Cystic fibrosis


Cystic fibrosis (mucoviscidosis) is the most common type of genetic metabolic disease. It leads to the build-up of viscous, high-protein secretion in the body’s glands. This primarily affects the lungs, digestive tract and genitals. There is no causal treatment available for cystic fibrosis at present, but the life expectancy of those afflicted continues to rise thanks to improved treatment.

Cystic fibrosis has been included in the screening of newborn babies in Austria since 1998.

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    Cause & Symptoms
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    Diagnosis & Therapy
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    Everyday life

Cause

Cystic fibrosis is caused by a gene defect. (CFTR gene: cystic fibrosis transmembrane regulator). This gene is responsible for a protein that regulates the transportation of salt and water into and out of cells. The gene defect leads to the build-up of viscous, high-protein mucus in the glands and very salty sweat.

Hereditary

Statistically speaking, one of twenty people carry the defective gene responsible for causing cystic fibrosis without falling victim to it themselves. Only in case where both parents carry the defective gene is it possible for the disease to develop in their children.

Symptoms

The symptoms of cystic fibrosis can vary widely depending on how the gene has changed. 
The main symptoms affect the lungs and digestive system (in particular the pancreas).

Respiratory organs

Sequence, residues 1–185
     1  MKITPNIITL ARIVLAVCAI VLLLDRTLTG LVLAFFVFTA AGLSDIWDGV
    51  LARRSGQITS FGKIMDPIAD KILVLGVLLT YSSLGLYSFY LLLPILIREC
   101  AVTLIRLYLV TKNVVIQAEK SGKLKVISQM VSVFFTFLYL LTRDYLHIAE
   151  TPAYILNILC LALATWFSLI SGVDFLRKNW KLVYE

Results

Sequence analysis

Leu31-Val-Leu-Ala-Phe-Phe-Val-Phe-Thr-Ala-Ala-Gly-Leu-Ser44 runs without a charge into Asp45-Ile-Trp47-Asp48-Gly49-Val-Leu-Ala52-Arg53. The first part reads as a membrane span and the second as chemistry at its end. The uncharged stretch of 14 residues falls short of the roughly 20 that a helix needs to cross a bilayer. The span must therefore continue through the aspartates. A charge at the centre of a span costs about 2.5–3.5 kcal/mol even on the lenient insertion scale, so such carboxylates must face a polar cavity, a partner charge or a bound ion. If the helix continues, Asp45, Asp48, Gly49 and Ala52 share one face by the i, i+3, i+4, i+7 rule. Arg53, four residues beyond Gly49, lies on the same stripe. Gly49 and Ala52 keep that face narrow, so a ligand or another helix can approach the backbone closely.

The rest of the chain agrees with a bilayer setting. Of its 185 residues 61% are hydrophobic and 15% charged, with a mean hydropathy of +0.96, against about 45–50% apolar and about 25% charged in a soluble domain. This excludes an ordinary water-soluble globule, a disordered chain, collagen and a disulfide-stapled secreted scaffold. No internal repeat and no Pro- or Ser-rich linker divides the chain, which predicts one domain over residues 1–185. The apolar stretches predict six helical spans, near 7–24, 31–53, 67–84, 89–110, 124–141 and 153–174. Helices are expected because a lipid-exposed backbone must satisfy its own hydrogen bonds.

• The viscous mucus causes chronic coughing and regular infections of the respiratory organs with germs such as staphylococcus aureus and pseudomonas aeruginosa. Chronic infections may result in the development of pulmonary insufficiency in the course of the disease, causing shortness of breath and oxygen deficiency.
  • Sinusitis is an infection that often occurs in cases of cystic fibrosis. The growth of polyps in the paranasal sinuses may lead to nasal obstruction and an impaired sense of taste.

Digestive organs

  • The pancreas does not produce enough enzymes to break down food, having a significant impact on the body’s ability to absorb fat and protein. This leads to problems with digestion (e.g. diarrhea, fatty stools) and to malnutrition.
  • Children do not grow properly and do not gain sufficient weight.
  • In rare cases, newborns may be afflicted by intestinal blockage (meconium ileus).
  • Diabetes and liver dysfunction (such as jaundice) may also occur as a result of cystic fibrosis.

Other symptoms

  • The sweat of people suffering from cystic fibrosis has a particularly high salt content. Profuse sweating can lead to the significant loss of electrolytes.
  • Cystic fibrosis also affects the reproductive organs.
  • During the more advanced stages of cystic fibrosis, swollen round fingertips (so-called drumstick fingers) may develop as a result of the low blood oxygen levels.
  • Osteoporosis may occur during the early years of adulthood.